Dog Scootering is an international sport in which your dog pulls you on a scooter. There are regional, national and international races. A scooter
trained dog can pull scooters, bicycles, skateboards, roller blades and/or skiis. You can scooter on city sidewalks or mountain bike trails.
Any dog who loves to run can pull. A dog pulling your arm off on a leash is pulling with more force than the same dog pulling you on a scooter. Dogs weighing 30 pounds and up can pull a scooter. Dogs smaller than that can still pull either in pairs or with more assistance of the driver.
Scooters come in all shapes, sizes and price tags. Find a scooter that you are comfortable with. Recommended are scooters that have a wheel size of at least 20″ to roll easily over obstacle like roots and bumps on the trail. Disc brakes for better braking power are highly recommended.
Teach scooter commands gee, haw, wait, easy when walking your dog on a leash.
Teach your dog line-out. Attach one end of the tugline to something that won’t move. Have him/her hold the tugline out tight. (“Line out”) until you release him from the command to keep the dog from turning and running back to you. This can cause tangling the tugline around the dogs legs and getting caught.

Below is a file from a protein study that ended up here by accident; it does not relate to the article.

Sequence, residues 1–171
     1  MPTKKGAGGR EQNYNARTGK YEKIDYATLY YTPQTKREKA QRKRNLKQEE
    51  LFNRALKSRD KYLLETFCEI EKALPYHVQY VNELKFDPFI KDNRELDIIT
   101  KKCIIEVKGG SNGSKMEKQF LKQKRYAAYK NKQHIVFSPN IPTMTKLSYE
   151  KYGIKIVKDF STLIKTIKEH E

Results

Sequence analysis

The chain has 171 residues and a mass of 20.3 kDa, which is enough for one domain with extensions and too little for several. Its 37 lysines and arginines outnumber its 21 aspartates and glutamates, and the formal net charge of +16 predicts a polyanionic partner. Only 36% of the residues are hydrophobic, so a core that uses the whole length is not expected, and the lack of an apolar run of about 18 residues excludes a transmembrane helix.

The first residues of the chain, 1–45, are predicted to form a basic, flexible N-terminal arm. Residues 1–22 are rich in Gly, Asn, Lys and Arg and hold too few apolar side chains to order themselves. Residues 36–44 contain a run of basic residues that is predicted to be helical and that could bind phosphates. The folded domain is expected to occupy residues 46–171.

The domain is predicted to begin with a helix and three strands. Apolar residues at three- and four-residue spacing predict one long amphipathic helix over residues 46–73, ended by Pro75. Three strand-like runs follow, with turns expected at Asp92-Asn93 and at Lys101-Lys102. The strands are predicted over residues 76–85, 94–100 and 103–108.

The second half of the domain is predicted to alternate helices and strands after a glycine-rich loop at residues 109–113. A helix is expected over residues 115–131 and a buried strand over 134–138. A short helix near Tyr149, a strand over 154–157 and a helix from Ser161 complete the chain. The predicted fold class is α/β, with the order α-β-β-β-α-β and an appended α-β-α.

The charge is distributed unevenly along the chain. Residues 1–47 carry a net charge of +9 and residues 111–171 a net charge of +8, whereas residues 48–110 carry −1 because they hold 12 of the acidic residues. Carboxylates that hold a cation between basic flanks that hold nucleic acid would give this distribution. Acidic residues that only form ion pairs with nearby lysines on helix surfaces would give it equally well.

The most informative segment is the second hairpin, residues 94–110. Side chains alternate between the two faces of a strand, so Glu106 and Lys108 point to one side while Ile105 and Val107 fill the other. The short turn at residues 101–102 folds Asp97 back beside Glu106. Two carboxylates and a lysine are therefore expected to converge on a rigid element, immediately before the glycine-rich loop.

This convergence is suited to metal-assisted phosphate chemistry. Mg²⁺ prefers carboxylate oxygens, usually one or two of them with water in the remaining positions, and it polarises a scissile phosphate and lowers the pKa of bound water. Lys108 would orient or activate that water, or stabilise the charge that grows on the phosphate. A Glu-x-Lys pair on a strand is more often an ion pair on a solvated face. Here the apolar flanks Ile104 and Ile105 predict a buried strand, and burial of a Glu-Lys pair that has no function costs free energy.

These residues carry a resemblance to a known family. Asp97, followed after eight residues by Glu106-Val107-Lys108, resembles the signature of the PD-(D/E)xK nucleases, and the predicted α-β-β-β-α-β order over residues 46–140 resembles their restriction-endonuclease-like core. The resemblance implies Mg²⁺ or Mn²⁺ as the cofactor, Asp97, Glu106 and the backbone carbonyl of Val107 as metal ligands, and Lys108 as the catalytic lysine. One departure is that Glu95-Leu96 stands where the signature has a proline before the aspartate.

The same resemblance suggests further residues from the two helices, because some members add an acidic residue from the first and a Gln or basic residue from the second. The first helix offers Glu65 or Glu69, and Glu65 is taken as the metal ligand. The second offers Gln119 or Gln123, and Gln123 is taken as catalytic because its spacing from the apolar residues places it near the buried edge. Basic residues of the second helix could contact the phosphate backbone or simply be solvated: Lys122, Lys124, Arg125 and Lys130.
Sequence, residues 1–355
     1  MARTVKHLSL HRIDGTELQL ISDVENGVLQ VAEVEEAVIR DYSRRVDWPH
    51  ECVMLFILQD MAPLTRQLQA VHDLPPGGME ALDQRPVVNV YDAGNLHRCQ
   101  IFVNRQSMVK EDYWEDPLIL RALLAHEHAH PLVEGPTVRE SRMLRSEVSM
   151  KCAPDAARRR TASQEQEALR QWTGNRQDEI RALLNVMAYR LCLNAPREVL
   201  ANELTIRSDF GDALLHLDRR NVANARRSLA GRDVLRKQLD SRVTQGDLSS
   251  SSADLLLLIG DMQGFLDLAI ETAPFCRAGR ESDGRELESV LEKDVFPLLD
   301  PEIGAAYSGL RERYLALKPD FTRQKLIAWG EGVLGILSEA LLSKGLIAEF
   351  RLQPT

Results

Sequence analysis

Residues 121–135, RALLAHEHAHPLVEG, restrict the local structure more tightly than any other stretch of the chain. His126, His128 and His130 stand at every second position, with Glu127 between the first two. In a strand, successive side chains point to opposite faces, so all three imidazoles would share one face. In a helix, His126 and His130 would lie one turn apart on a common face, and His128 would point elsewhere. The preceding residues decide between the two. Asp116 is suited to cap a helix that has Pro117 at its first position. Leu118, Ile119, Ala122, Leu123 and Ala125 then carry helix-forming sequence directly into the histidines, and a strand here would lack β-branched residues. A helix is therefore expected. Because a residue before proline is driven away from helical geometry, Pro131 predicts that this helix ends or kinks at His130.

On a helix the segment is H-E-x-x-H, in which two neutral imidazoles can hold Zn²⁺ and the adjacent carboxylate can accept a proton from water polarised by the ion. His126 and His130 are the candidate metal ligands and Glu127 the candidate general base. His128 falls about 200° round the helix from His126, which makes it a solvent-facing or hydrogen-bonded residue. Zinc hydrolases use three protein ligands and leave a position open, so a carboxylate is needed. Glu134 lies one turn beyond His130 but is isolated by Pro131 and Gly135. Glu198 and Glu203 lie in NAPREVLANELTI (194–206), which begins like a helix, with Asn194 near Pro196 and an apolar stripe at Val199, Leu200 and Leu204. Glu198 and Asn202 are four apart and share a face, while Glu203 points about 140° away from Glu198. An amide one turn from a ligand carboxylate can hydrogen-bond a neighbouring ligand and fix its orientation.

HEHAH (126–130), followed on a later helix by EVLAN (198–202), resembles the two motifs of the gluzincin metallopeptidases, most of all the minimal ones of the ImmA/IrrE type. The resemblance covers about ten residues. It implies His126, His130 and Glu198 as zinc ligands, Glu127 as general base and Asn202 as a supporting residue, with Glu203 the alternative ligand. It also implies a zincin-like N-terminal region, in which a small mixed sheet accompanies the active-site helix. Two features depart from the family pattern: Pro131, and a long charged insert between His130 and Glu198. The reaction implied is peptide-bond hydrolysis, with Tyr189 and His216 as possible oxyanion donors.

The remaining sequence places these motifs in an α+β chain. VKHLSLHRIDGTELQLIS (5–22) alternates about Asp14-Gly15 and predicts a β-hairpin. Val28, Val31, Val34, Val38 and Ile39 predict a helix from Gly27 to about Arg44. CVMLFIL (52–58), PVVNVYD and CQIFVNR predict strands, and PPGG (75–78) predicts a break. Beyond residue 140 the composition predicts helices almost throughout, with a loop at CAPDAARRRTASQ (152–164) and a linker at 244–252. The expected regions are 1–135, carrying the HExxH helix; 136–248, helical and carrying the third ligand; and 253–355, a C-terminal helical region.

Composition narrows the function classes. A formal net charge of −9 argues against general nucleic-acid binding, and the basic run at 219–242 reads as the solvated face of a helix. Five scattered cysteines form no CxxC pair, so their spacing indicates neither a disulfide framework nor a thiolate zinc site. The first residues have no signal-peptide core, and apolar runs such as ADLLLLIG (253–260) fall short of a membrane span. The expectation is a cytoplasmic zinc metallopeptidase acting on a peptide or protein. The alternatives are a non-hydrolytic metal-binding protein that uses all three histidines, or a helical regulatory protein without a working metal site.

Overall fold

When a dog is pulling a scooter, his/her job is to “go on by”, distractions such as dogs and smells. Teach the two opposite commands, “go say hi” and “on by”, while on your daily walks.
Order the harness and tugline. When you snap the tugline to the harness, it signals to the dog that he/she is working. He/she should work infront of you unless you have a walkie-dog or a special scooter that is designed to have your dog along the side of you.
Do not let him sniff and pee. He/she is working and should resist distractions.
To start slow you can let the dog drag a milk jug
behind him/her. Later you can increase the drag by using a tire, etc. Let him/her get comfortable with the feel of the harness when pulling a weight. When he/she is comfortable pulling the drag with you beside him/her, gradually drop further back until you can walk behind the drag.
For the first time run with a scooter, chose a defined trail where running is comfortable. Do not run on pavement as it is damaging for feet pads but mainly for joints and tendons.
Usually a dog desires to run down the trail. A person riding the bicycle ahead of you, often gets the dog chasing and running. Find a local mushing group. Running in a group is encouraging to the dog.
For reluctant dogs, walk and push the scooter until your dog and you are and easy distance from the car. Chances are he/she will run happily back to the car to get his treat while you ride the scooter.
Once the dog understands that the scooter means freedom to run and explore, he/she will love scooter outings and get excited to it more.
Dog Scootering is FUN! Slip your dog into the scooter harness, hitch him to the scooter, hop on and let him run. You ride the scooter; he runs and pulls. When you return home your hyper dog is calm, a different dog. Mental and physical stimulations are important to your dogs overall health.